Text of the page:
The Impact and Consequences of Partner Abuse on Partners
This study represents a comprehensive review and critique of 122 empirical articles and 10 review articles on the psychological and physical consequences of psychological and physical abuse on partners and yielded several strong and consistent conclusions. Victims of psychological and
physical abuse experience more physical injuries, poorer physical functioning and health outcomes, higher rates of psychological symptoms and disorders, and poorer cognitive functioning compared to nonvictims. These findings were consistent regardless of the nature of the sample and, with
some exceptions, generally greater for female victims compared to male victims. Moreover, psychological victimization appears to be at least as strongly related to victims' psychological consequences as is physical victimization. There was a relative dearth of research examining the consequences
of psychological abuse for male victims, and the results of those studies have been mixed. Research examining sex differences yields strong and consistent evidence that physical violence has more deleterious consequences for women overall. However, the severity of the physical abuse seems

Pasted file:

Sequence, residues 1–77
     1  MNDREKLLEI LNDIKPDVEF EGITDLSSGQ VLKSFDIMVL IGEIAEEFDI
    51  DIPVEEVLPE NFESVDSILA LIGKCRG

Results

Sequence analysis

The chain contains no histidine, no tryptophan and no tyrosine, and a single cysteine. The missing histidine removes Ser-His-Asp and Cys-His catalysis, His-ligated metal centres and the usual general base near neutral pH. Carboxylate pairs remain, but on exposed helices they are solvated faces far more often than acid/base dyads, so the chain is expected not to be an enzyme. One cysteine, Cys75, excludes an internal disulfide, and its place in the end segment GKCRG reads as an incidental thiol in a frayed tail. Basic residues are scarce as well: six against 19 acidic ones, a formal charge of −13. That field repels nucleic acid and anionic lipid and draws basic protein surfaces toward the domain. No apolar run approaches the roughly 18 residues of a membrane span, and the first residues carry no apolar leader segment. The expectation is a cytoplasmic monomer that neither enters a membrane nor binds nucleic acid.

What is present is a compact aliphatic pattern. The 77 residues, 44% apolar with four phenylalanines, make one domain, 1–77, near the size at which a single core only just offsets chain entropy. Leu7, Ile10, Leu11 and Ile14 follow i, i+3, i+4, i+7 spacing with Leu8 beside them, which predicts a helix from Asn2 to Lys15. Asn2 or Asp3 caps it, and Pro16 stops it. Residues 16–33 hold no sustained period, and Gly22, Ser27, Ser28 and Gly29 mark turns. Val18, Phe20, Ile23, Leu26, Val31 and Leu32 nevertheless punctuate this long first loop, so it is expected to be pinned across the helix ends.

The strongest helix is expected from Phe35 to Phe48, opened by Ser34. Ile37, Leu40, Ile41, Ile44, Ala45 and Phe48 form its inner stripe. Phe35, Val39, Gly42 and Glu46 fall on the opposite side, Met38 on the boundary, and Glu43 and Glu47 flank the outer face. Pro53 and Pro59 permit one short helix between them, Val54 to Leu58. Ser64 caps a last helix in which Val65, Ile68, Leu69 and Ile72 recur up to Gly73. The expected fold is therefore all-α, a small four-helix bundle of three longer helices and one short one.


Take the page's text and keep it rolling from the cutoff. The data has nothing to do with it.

to moderate differences in injury rates. In addition to these known findings from past reviews, this study generated several novel findings. First, there is a small but critical group of studies demonstrating the effects of abuse on health behaviors. Second, physical victimization has serious
economic and social consequences for victims and society at large. Third, the consequences of abuse were significantly worse for female victims who were of low income, ethnic minorities, and/or unemployed. In the second section of this article, we critique the existing literature in terms
of the content of the research, as well as on conceptual and methodological grounds. In the third section we offer specific recommendations for future research and intervention efforts.
More about this publication?
Partner Abuse, a peer-reviewed journal, recognizes that physical and emotional abuse among dating, cohabitating and married partners is as a major public health and social problem in North America and around the world. Its purpose is to advance knowledge, practice and policies through a commitment to rigorous, objective research and evidence-based solutions. In addition to original research papers and literature reviews, the journal welcomes viewpoints and commentaries on the topic of partner abuse, as well as clinical case studies, book reviews and letters to the editor.
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